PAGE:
17 Pages Posted: 3 Oct 2006
This study examines the legal ramifications arising from the growing practice of cryopreserving gametes and embryos and the potential for their use to reproduce children after the death of the parent or parents. Courts have already been called on to resolve disputes among survivors over access to cryopreserved gametes of a deceased spouse or friend. The 2002 version of the Uniform Parentage Act would allow an individual to authorize his post-death use of reproductive materials by a specific person by consent in a written record. A number of states have enacted some version of what has been called a dead dad's bill. A number of courts have addressed the status of children conceived by use of a dead person's gametes, especially in the context of Social Security claims filed on behalf of the children. The law has long provided for children born after the death of a parent in an inheritance context, but until recently has not had to confront the question of children being conceived after parental death. In the future the law will have to confront issues of such conceptions on prior estate plans, on support issues, on legitimacy claims and on the impact on estate administration.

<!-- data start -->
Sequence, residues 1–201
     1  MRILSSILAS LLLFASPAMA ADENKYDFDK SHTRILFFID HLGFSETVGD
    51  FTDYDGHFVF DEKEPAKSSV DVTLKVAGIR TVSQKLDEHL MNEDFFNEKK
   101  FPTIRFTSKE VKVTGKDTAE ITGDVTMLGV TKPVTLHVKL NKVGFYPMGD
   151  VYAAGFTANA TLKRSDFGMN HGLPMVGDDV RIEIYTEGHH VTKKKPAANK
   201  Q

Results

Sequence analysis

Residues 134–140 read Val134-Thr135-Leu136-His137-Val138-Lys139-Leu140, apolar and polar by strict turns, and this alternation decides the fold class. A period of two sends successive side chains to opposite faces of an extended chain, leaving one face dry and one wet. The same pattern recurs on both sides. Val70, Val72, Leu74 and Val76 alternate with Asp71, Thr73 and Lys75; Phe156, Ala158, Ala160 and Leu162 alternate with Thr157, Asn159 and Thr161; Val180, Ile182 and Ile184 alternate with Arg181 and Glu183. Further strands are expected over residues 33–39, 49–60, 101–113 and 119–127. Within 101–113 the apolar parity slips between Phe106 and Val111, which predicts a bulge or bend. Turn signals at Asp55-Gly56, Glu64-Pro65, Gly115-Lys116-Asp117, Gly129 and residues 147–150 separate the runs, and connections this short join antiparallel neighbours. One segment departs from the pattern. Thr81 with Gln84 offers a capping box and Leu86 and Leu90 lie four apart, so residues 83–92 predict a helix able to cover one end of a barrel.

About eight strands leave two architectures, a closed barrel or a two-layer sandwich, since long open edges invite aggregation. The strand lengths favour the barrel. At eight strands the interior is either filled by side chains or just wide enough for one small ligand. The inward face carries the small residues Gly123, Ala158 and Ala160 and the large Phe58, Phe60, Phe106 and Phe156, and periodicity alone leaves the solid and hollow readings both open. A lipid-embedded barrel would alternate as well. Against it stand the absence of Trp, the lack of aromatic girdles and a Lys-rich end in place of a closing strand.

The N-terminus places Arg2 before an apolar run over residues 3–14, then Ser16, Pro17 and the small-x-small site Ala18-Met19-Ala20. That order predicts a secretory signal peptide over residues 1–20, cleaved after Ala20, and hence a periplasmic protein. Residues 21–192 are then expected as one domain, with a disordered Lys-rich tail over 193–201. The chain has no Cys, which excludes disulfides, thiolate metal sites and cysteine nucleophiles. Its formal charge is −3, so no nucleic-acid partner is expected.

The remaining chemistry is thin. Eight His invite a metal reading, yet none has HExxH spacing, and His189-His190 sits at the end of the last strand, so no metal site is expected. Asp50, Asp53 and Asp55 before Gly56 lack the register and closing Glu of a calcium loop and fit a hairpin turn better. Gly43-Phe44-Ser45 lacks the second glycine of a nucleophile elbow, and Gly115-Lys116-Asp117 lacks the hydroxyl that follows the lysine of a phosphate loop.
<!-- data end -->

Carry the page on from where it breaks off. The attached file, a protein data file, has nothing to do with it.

Keywords: children after death, posthumous reproduction, estate planning, cryopreserved gametes, social security, saving gametes
Suggested Citation: Suggested Citation
Kindregan, Jr., Charles P. and McBrien, Maureen, Posthumous Reproduction. Family Law Quarterly, Vol. 39, p. 579, Fall 2005. Available at SSRN: https://ssrn.com/abstract=893613